Swakopmund Kidney and Dialysis Centre

Windhoek and Swakopmund – the gateway to Namibia

Dip into Colonial life, watch the amazing wildlife, walk a sand dune, lie under a starry sky at night looking for the Crux located in the deep southern sky and begin to believe that you are on holiday. That is what a journey to Namibia is all about. The souls of Africa speaks to you amidst a landscape full of wonders and under the stretching blue skies.

Whether you prefer to stay on the coastline or more inland, you can freely choose your destination and plan your itinerary. Two NephroCare clinics, inland in Windhoek and Swakopmund on the coast, are located in the area and waiting for your holiday dialysis appointment. Are you ready for the African experience?


Tasting the colonial town life

Windhoek, the small, German-influenced capital of Namibia, displays an unexpectedly colourful and inspiring architecture. The population reflects the country’s ethnic mix. Take the time for a stroll through the nation’s largest city that is considered one of the cleanest cities in Africa. It may provide a dawning understanding of the complexities of today’s Namibia. Christ Church, one of the top attractions in the city, appeals through its stained-glass windows and Art Nouveau architectural style. The Parliament Gardens are small yet peaceful and ideal to while away some time. Namibia’s first post-independence monument, a bronze-cast statue of Herero chief Hosea Kutako, is installed here.

A climb up to Three Circles will reward you with a great view out over Windhoek. These three stone slabs are a popular lookout point, especially at the close of the day. The sunset is stunning to watch from everywhere around, by the way, awaiting with ever-changing scenes.

The fascination with wildlife

Namibia is rich in wildlife. The Daan Viljoen Game Park west of Windhoek shelters a relatively large population of game species typical of Namibia’s highlands. The park is home to springbok, kudu, eland, oryx, blue wildebeest, Hartmann zebra and the Leopard klipspringer as well as about 200 bird species. As the mammals are not dangerous, visitors are allowed to walk the trails and desert hills on their own. You can choose from trails of different lengths, only a 32-kilometre trail including an overnight stay has to be booked in advance.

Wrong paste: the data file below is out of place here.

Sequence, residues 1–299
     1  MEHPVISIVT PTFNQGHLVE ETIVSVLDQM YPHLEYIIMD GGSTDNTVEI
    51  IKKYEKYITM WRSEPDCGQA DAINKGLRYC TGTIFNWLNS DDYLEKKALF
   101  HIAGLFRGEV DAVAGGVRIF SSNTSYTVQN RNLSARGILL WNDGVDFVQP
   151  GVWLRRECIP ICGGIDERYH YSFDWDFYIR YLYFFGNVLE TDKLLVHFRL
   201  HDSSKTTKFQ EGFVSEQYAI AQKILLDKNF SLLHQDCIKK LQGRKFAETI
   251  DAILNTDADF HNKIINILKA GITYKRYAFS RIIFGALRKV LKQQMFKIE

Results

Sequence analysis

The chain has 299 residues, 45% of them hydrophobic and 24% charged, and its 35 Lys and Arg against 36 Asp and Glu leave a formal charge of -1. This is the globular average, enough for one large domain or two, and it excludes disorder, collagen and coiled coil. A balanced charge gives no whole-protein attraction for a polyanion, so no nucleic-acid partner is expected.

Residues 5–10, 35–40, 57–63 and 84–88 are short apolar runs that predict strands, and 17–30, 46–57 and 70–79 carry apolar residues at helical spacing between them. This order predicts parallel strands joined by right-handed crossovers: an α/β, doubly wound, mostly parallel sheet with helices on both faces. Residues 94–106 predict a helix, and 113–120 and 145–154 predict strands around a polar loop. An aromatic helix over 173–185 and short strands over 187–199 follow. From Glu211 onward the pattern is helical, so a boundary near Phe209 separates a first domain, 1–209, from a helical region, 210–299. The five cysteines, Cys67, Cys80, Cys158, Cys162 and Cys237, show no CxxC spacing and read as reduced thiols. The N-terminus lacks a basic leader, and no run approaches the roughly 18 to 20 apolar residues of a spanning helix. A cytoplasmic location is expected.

One of the largest flocks of flamingos in Southern Africa can be spotted near Walvis Bay. These excellent fliers are known to migrate around 500 kilometres overnight in search of food.

A stunning landscape for outdoor activities

The extraordinary mix of Namibian landscapes calls for a multitude of outdoor activities. And Namibia offers them all. Well, nearly. There are, of course, several opportunities for hiking and 4WD trails. Several national parks provide wonderful hiking routes. You should book these as far in advance as possible, as departures are limited. A growing number of private ranches have also established hiking routes for their guests. Rock climbing on the red rocks of the Spitzkoppe or the Brandberg is an awesome endeavour that should be undertaken with local advice. Fishing is a popular pastime along some of the rivers as well as on various beaches north of Swakopmund. Other destinations offer canoeing and rafting trips.

Horseback rides through the wilderness are available at the Elisenheim Guest Farm just on the outskirts of Windhoek. The area at the foot of the stunning Eros Mountains offers awesome riding adventures.

Hot-air balloon rides over the desert are more your thing? Contact the agency in Swakopmund, they will take you upwards to drift over sand dunes and the varied landscapes of Central Namibia. Speaking of the desert, you can also book camel rides in the area!


Accommodation in Namibia covers a broad range of options from hotels and guest farms to hostels, bed and breakfast and luxury safari lodges. Most establishments, including campsites, are well-kept and most are graded using a star system. You will most surely find lodgings at your desired budget and level of standard. You can also spend the night on one of the country’s huge private farms. Farmstays are a phenomenon peculiar to Namibia giving you intriguing insights into the rural white lifestyle.

Culinary & Culture

New things to try

A couple of festivals can give you an insight into the regional lifestyle. Most of the big events take place in Windhoek, as the Bank Windhoek Arts Festival. The largest arts happening runs events from March to September. Independence Day on the 21st of March is celebrated with a parade and sports events. Due to the German colonial background, Windhoek also stages an Oktoberfest that especially fans of the Bavarian tradition will not want to miss.

Namibian cuisine is a melting pot of different flavours, with strong influences coming from both German and South African dishes. Traditional Namibian food is very simple but tasty. Doughlike pastes are often served with a stew of vegetables or meat. Oshiwambo is a rather tasty combination of spinach and beef. Potjiekos, a Dutch relic, is a meat and vegetable stew-style dish which is prepared in a black three-legged cast-iron pot that is placed on an open fire for 3-4 hours.

The range of available meat is broad as it includes wild game like kudu, oryx, springbok, eland, ostrich, giraffe, zebra and crocodile. The taste is sometimes different sometimes quite similar to the taste of the meat at home, so just give it a try. It served in a variety of ways: from sausages (boerewors) to stews (potjiekos), and steaks to shish kebabs (sosatie).

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South Africa